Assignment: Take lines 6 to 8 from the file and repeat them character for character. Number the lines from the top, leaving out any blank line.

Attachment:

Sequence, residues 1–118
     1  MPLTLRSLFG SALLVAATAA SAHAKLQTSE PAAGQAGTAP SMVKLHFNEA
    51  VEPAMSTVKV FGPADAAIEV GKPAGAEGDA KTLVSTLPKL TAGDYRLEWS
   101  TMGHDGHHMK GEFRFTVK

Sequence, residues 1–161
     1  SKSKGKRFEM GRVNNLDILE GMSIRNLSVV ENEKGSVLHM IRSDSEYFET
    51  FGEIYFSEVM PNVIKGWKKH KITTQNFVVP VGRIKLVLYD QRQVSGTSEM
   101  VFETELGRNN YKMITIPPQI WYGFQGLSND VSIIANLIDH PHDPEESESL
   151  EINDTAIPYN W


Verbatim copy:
     1  SKSKGKRFEM GRVNNLDILE GMSIRNLSVV ENEKGSVLHM IRSDSEYFET
    51  FGEIYFSEVM PNVIKGWKKH KITTQNFVVP VGRIKLVLYD QRQVSGTSEM
   101  VFETELGRNN YKMITIPPQI WYGFQGLSND VSIIANLIDH PHDPEESESL